The other day, New York Times columnist John Tierney published a column on the liberal tilt in academia. Because Tierney is held hostage by TimesSelect, non-subscribers won’t be able to access the article, so I’ll give a brief recap: Tierney challenges several common (liberal) assumptions about why relatively few conservatives go into college teaching, such as, “conservatives do not value knowledge for its own sake,” “conservatives do not care about the social good,” “conservatives are too greedy to work for professors’ wages,” and “conservatives are too dumb.” In response, he points out, for instance, that “plenty of smart conservatives have passed up Wall Street to work for right-wing think tanks that often don’t pay more than universities do, and don’t offer lifetime tenure and summers off.”
Tierney argues that the reason for the glaring political imbalance on college faculties (according to a recent study by Stanley Rothman, S. Robert Lichter, and Neil Nevitte, 72% of professors self-identify as liberal/left and 15% as conservative/right) is “the law of group polarization”:
“If people are engaged in deliberation with like-minded others, they end up more confident, more homogenous and more extreme in their beliefs,” said Cass Sunstein, a law professor at the University of Chicago. “If you have an English or history department that leans left, their interactions will push them further left.”
Of course, the dynamics of group interaction also suggest that people who spend all their time among like-minded others will start to assume that theirs is the only legitimate and acceptable point of view. A person who doesn’t share conventional left/liberal beliefs is viewed as a moral leper, as “not one of us.”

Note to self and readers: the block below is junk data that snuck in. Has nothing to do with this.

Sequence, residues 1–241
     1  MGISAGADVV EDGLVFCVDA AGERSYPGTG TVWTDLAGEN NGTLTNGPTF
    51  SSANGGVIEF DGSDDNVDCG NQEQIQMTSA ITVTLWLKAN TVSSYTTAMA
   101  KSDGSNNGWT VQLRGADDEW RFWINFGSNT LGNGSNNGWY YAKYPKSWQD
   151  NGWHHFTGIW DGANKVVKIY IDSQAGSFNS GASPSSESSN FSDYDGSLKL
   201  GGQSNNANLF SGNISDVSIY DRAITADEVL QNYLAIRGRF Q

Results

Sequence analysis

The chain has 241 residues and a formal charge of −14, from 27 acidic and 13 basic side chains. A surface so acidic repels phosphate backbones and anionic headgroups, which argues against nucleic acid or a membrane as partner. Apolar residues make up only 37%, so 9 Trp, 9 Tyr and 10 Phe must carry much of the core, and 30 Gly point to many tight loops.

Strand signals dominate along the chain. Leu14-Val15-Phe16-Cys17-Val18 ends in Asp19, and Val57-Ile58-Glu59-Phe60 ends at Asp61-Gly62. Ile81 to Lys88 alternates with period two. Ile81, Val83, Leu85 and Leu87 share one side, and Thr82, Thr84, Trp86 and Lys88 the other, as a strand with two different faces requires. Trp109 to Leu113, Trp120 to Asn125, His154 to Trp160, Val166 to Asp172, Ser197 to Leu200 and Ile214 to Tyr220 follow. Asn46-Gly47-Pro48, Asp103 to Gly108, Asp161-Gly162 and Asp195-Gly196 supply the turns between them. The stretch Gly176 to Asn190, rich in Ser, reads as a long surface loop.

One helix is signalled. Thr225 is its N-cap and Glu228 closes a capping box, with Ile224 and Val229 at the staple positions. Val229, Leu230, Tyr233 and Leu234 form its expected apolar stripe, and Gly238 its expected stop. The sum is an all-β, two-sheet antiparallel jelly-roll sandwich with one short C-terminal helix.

Yesterday, the Times ran four letters in response to Tierney’s column, all of them critical (and all of them from academics). James Henle, a professor of mathematics at Smith College, takes issue with Tierney’s claim that the political imbalance is explained by liberal bias:
[I]f this were a significant factor, wouldn’t we see a difference between the makeup of a political science department and that of a mathematics department?
Mathematical scholarship has no political coloring. Politics doesn’t appear on the résumé of a mathematician. Politics doesn’t come up in job interviews. But from where I stand, mathematics departments are as liberal as any in academia.
Any explanation of liberals on campus has to explain bleeding-heart geologists, socialist computer scientists, tax-and-spend physicists and knee-jerk mathematicians. Bias can’t do that. But one idea, not mentioned by Mr. Tierney, could.
Perhaps in the marketplace of ideas some ideas are winning – and some are losing.
First of all, there is a difference between political science departments and mathematics departments. Here are the percentages of self-identified conservatives among professors in various departments in the Rothman/Lichter/Nevitte survey, conducted in 1999:
Political science 2%
Computer science 26%
Obviously, conservatives are a minority in all departments, but the disparity is far more pronounced in the humanities.
Second, I’m not at all sure that subtle political prejudices cannot operate in departments in which the fields of study are apolitical. I may be wrong (my academic experience consists of teaching a 4-week course on feminism and gender issues in the political science department of Colorado College), but don’t prospective hires arriving on a campus usually spend some time socializing with the faculty at lunches, dinners, etc.? In such settings, it would hardly be unusual for the conversation to touch on political issues, and that’s where the “not one of us” factor could come into play.